…. he tapped again, and she opened the casement just enough for her hand to pass through and handed him his beloved literary supplement, the pages that did not mention the name of Allah or Muhammad, prayer and peace be upon him, even once because she had checked before spreading them on the floor.

    “Here it is, brother-ji. I am sorry it is a bit creased but the iron isn’t working today,” she said, as though all he would notice would be the creases and not the chopping up.

    • Onesimus says:

      My response to the Cloud Atlas movie is mixed. I think it was very well done, dealing with the complex structure of the novel and the relationship of its various stories in an interesting and effective way. I loved the way that the same actors played a variety of characters throughout the various story strands, and were sometimes not even recognisable, until their identities were revealed in the credits.

      I didn’t like the extreme brutality in parts. The film also didn’t venture so much into the imaginative language use of the book – apart from the part of the story set in the most distant future which tried to approximate the language of the book (however I found the dialogue in that section seemed muffled and lacked clarity, so understanding the language itself was less of a problem than hearing what was being said).

      Maybe my memory is failing, but I don’t recall the closing scene of the movie being in the book, where one of Tom Hanks’s characters is revealed telling his story to his grandchildren (?). That added ending seemed far too sentimental and out of character with the rest of the film.

      I haven’t read Maps For Lost Lovers yet. I’m not sure whether that’s a book I bought a while ago or whether its the only of his books that I haven’t yet bought. I’ll have to check when I get home.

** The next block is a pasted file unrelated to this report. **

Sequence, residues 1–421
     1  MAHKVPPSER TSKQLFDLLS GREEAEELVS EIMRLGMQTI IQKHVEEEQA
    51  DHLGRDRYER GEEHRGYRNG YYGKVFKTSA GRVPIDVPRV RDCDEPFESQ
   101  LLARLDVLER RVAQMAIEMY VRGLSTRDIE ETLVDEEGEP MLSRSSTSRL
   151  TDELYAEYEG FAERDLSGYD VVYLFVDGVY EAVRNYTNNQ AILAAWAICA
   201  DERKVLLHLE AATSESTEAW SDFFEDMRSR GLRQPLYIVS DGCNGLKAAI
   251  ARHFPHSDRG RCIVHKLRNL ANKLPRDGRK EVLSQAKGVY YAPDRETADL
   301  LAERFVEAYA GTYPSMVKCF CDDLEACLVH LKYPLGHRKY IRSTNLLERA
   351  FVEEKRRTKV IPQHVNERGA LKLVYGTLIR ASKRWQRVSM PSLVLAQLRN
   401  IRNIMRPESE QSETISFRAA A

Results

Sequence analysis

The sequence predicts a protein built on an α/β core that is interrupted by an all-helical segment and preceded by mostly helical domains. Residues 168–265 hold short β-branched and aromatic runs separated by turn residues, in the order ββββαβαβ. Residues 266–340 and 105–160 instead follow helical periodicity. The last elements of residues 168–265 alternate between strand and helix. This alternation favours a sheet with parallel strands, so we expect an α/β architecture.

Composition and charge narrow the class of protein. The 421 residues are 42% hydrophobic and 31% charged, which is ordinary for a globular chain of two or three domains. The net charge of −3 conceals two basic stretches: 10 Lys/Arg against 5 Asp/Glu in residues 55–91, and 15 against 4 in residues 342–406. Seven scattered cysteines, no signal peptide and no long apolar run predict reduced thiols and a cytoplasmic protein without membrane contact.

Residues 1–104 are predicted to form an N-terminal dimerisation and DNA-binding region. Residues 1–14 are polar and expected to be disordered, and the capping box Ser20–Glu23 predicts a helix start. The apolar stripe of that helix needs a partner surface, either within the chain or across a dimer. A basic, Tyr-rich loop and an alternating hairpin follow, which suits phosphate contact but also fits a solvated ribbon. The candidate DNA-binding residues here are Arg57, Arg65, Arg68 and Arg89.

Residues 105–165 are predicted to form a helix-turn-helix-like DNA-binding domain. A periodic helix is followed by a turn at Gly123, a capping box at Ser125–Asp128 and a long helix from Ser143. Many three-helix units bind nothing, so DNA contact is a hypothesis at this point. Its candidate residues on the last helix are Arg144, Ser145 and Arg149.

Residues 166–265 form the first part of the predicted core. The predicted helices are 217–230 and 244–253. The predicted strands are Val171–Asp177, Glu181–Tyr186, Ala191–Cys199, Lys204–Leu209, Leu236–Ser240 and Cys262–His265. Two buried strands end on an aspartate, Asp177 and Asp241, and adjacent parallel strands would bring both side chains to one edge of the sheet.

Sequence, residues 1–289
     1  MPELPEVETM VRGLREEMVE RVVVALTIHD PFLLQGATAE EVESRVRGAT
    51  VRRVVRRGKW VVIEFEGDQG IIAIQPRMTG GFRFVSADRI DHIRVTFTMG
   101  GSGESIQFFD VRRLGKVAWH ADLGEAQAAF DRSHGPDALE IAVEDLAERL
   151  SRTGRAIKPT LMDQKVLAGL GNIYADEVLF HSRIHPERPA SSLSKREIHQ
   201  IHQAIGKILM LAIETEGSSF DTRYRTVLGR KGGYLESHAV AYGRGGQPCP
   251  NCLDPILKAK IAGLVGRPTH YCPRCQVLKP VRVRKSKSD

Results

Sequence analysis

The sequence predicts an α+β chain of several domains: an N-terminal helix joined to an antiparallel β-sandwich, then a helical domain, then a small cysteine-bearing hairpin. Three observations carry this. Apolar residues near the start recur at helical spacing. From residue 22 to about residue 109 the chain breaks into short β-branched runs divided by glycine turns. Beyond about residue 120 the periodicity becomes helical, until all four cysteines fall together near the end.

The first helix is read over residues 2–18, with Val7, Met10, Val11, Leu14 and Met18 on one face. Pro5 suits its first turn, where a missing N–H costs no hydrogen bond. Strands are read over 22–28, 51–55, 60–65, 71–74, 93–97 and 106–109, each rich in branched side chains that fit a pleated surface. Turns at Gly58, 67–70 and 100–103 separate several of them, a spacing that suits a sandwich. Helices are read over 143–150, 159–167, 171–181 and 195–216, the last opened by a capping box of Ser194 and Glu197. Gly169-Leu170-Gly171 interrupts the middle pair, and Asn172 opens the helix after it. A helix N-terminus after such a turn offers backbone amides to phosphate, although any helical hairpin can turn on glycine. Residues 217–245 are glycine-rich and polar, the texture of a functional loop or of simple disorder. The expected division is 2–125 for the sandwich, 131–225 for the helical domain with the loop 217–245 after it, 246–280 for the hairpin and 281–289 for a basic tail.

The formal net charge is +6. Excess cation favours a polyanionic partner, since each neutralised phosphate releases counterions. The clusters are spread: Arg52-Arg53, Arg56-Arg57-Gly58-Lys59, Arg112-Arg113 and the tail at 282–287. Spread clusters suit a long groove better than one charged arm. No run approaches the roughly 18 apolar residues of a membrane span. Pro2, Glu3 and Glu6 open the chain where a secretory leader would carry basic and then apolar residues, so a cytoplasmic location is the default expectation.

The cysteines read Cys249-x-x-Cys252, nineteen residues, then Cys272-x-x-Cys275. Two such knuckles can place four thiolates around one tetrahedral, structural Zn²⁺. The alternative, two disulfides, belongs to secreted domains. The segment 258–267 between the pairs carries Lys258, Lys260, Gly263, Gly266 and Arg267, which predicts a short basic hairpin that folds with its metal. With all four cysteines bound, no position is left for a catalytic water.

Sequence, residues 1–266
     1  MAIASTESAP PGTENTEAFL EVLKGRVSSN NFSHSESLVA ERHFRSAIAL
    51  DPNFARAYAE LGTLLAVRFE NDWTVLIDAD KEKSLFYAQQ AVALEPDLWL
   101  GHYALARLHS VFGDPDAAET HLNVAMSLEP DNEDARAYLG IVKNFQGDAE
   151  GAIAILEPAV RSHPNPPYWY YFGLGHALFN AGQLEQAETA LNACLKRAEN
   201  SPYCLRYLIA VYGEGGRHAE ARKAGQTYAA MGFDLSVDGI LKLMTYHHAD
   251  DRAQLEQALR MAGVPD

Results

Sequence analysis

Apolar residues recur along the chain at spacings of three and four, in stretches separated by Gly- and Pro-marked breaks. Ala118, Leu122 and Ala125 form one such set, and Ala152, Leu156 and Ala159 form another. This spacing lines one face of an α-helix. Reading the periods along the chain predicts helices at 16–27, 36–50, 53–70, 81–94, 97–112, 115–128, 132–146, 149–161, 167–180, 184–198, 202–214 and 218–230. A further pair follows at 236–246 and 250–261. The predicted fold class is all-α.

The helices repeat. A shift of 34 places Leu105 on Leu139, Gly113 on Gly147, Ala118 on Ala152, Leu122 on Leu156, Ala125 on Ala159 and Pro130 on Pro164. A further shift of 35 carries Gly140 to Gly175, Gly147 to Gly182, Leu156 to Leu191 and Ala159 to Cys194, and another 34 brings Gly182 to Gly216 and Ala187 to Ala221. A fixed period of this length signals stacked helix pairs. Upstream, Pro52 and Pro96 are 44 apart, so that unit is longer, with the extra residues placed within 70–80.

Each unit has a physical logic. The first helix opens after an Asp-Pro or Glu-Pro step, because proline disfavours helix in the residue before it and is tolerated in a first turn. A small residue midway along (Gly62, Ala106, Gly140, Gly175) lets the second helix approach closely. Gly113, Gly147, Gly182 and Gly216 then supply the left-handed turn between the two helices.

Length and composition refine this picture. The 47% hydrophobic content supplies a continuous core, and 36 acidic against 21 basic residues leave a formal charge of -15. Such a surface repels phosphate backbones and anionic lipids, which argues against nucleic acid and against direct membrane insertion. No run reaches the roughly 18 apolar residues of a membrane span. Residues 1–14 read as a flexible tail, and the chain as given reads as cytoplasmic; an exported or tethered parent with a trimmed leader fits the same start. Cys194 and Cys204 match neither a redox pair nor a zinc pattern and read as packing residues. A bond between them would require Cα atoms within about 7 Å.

2. Marleen says:

    Have you seen “Looper”? One of my sons liked that but not “Cloud Atlas” — I’d likely see it if that gets seconded. Don’t know if that movie was based on a book too. It’s interesting to hear some details about movies adapted from books. My youngest two wanted go see “Ender’s Game” this past weekend and got my oldest thinking of reading the books.

    • Onesimus says:

      No I haven’t seen Looper.
      I read Ender’s Game many years ago and from memory liked the story. I didn’t know about the movie version until your comment, and then on the weekend I saw the book with a movie tie-in cover. I haven’t read any of the sequels to the book.

  3. Marleen says:

    I’m a little curious about the imaginative language that makes me think “Cloud Atlas” could be interesting, but I don’t think I’ll be reading many more novels (and it wasn’t done justice in the movie it looks like). We’ll see. What did you read during your time away from here?

    • Onesimus says:

      Despite my intentions I read very little while I was away. I spent some time at a cottage in a town called Beechworth. The cottage has a small collection of books for guests and I browsed through some of them, but I wasn’t there long enough to commit to a whole book. While I was at home I spent a lot of time in the garden instead of reading (a little rainy weather to force me indoors might have been helpful).
      At best I read a few more chapters of the books I’ve been working through over the past weeks. None of them have been enthralling enough to make me abandon everything else.

  4. Marleen says:

    Well, here it is; the next novel I’LL be buying: JACOB’S OATH (Martin Fletcher).

    This is written by someone who’s long career has not been in fiction.

    I thank you again for your sustained demonstration that reading fiction can be worthwhile (beyond the themes that were fun to speculate on in high school literature), for your being someone with good judgment who discusses various aspects of novels and what interests can be addressed in them and the possibilities for learning and imagining through them.

    As it turns out, I will be taking a semester off work on a degree so that I can work on improvements to a great-room (depending on nomenclature, family room or living room in a house without a “front” room — the front rooms serving as a dining room and an office). I like having a novel and a theological book (or two, and a theological article, all usually with historical and linguistic bents) and at least one other kind of reading all going at once for whatever the mood during breaks or before sleep or when taking a day off, etc. (besides having paint and wood/tile trim samples to look through).